Spout Mavens Disc #14, Part 7 of 13: Shorts! Volume 3 - L'Entretien [The Interview] (2002)

Director: Kathleen Man
French/US, 20 minutes, b/w
Cinema 4 Rating: 5

rik_tod awoke in the middle of the night to find that the Dutch animated color short he had been watching was transformed into a monstrously confusing black and white French film.

I am going to "man up" here and admit that L'Entretien (aka The Interview) is the first film on the Shorts! Volume 3 DVD of which it was necessary for me to listen in on the director's commentary. Usually, this is a practice of which I do not partake until I have gained my own deep familiarity with a film. I hardly ever purchase films for the extras, preferring to leave the movie watching experience as pure as possible and initially concentrated on the two most important elements: the film itself, and my immediate reaction to it. This isn't to say that I do not enjoy extras or commentaries. I just prefer to have formulated my own opinions about a film before I let others in to ruin my fun.

What did I get from director Kathleen Man's commentary on her 20-minute tale of corporate hopelessness and alienation? Well, I certainly learned a bit more about the architecture of Paris and the dividing lines between the old and new sections of the city. I learned a lot about arches, and the proper way to overly pronounce the French names of those arches whilst bouncing back and forth into English so that I wanted to kick my foot through the television. I learned that she is perhaps overly impressed with certain shots in her film that I didn't find particularly interesting or entrancing (save one). But I also gained an understanding that were I her, and filming this exact short in the exact location in which she did, I too would probably be impressed with my shot selection given the conditions under which they had to shoot it, with precious little opportunity for retakes and also learning how to deal with shooting around the crowds and businessmen that usually frequent the area.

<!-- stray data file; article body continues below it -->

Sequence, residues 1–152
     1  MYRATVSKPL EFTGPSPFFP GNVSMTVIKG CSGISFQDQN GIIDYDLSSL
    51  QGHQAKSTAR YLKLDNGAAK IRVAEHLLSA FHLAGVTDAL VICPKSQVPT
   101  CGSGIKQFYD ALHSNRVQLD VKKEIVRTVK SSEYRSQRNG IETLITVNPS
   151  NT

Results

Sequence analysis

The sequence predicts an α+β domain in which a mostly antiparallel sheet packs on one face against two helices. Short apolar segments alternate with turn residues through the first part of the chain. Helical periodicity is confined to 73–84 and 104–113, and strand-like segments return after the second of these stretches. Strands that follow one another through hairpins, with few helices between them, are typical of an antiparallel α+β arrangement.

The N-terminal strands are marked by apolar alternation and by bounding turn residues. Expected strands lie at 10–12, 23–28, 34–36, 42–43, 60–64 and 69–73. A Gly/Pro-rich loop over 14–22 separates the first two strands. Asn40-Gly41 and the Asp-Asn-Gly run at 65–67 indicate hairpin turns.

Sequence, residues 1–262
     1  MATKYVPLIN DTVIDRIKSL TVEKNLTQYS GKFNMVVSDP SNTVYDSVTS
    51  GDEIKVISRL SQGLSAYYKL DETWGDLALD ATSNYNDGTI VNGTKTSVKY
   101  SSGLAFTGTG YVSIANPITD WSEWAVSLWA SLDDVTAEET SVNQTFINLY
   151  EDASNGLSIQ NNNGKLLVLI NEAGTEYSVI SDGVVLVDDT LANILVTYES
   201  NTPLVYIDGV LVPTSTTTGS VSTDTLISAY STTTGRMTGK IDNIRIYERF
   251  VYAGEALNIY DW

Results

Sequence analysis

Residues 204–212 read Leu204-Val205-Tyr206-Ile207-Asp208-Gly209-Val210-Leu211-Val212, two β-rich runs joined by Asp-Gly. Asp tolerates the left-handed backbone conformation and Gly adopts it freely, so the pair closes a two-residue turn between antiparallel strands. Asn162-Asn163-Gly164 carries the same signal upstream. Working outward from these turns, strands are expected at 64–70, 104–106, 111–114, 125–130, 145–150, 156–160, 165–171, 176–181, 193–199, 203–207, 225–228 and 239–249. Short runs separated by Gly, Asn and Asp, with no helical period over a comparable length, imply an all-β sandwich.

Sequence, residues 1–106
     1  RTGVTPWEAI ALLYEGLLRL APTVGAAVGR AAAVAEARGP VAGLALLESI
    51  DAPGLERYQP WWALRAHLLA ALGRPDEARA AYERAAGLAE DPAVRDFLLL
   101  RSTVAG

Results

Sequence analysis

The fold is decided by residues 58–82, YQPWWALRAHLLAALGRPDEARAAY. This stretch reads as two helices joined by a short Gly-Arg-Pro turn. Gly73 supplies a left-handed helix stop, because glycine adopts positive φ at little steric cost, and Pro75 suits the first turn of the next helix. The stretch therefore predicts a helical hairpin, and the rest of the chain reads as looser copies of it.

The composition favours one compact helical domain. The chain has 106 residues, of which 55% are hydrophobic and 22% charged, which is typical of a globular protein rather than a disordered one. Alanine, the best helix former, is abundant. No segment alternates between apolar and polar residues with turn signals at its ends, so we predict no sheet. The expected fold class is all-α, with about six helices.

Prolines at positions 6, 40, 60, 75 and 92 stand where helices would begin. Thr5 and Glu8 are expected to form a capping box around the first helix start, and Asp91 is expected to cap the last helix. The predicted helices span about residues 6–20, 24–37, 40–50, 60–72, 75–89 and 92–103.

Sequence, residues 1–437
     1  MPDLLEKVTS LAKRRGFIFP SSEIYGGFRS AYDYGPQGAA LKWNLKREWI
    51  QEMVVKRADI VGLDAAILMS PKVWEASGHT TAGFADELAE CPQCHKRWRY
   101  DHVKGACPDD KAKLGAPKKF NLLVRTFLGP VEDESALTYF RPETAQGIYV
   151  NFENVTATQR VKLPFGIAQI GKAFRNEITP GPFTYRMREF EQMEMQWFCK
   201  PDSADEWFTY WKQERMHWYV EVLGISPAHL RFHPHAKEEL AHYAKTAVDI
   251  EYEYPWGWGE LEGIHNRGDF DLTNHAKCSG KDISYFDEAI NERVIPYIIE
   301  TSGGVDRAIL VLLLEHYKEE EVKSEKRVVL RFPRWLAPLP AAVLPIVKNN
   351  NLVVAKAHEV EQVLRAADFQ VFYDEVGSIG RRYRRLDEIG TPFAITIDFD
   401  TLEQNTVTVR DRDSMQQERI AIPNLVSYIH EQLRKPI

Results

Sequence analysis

What I didn't need to gather from the commentary is what was fairly evident from even that first half viewing: the Kafkaesque feel of the film. Director Man does point out that her chief inspiration was Kafka's A Common Confusion, a swift, sharp, single paragraph amusement that I recall being required to study in school (though I am not sure to the extent that others have been). Regardless, Man mentions her film is not a true adaptation of the piece, merely an extensive trifling with the time-and-mood-hopping logistics of it. To say too much is to ruin what fun a viewer outside of myself may make of it, and certainly there will be a large contingent that will fall in love with its stark setting and unsettling but dry humor.